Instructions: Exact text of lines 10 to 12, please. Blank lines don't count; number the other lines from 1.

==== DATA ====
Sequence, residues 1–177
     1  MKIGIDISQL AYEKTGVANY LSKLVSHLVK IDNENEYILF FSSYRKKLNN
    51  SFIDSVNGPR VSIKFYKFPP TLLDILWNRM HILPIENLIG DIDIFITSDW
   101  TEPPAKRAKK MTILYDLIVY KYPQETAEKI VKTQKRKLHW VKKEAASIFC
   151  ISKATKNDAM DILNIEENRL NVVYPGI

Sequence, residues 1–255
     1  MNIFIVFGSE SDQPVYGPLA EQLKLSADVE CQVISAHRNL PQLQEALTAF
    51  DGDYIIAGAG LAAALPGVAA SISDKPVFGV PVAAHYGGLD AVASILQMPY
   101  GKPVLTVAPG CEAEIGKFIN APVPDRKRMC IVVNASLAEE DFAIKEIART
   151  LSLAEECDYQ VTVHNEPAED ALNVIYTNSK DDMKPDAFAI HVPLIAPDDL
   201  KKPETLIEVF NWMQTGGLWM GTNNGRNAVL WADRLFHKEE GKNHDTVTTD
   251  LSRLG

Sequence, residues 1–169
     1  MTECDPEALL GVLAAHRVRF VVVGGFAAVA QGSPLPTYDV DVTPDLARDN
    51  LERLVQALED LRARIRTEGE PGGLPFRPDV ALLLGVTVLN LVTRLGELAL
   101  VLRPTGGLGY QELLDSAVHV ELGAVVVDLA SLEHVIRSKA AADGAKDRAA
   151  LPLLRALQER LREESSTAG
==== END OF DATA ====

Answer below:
   151  LSLAEECDYQ VTVHNEPAED ALNVIYTNSK DDMKPDAFAI HVPLIAPDDL
   201  KKPETLIEVF NWMQTGGLWM GTNNGRNAVL WADRLFHKEE GKNHDTVTTD
   251  LSRLG